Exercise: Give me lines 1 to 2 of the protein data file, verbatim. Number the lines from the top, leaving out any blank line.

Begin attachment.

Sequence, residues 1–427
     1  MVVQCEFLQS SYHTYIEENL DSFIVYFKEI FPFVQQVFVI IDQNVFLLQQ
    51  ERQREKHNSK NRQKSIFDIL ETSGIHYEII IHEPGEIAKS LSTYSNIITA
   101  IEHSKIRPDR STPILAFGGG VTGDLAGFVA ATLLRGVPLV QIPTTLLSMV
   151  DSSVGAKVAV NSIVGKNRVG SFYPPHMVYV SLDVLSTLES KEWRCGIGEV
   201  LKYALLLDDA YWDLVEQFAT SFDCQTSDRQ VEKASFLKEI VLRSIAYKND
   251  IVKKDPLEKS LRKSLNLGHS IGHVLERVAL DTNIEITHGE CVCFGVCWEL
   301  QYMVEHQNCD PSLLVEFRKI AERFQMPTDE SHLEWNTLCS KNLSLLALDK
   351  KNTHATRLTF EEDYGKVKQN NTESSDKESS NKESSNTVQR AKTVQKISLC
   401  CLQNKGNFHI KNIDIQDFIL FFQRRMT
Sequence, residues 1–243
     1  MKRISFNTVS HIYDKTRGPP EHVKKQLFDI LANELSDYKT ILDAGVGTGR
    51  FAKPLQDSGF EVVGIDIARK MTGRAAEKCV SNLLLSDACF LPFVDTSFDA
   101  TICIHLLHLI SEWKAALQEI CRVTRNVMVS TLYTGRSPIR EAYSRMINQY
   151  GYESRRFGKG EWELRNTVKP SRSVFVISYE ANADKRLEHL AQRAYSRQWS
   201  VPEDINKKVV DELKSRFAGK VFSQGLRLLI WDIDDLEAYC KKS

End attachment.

Sequence, residues 1–427
     1  MVVQCEFLQS SYHTYIEENL DSFIVYFKEI FPFVQQVFVI IDQNVFLLQQ